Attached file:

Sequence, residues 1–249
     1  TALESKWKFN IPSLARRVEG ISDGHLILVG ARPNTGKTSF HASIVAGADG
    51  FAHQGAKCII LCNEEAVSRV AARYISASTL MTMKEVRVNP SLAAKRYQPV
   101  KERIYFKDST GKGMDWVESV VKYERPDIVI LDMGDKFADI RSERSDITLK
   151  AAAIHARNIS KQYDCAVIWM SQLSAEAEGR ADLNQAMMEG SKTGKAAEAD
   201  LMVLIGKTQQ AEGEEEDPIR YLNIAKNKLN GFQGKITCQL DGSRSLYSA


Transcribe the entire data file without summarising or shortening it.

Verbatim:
Sequence, residues 1–249
     1  TALESKWKFN IPSLARRVEG ISDGHLILVG ARPNTGKTSF HASIVAGADG
    51  FAHQGAKCII LCNEEAVSRV AARYISASTL MTMKEVRVNP SLAAKRYQPV
   101  KERIYFKDST GKGMDWVESV VKYERPDIVI LDMGDKFADI RSERSDITLK
   151  AAAIHARNIS KQYDCAVIWM SQLSAEAEGR ADLNQAMMEG SKTGKAAEAD
   201  LMVLIGKTQQ AEGEEEDPIR YLNIAKNKLN GFQGKITCQL DGSRSLYSA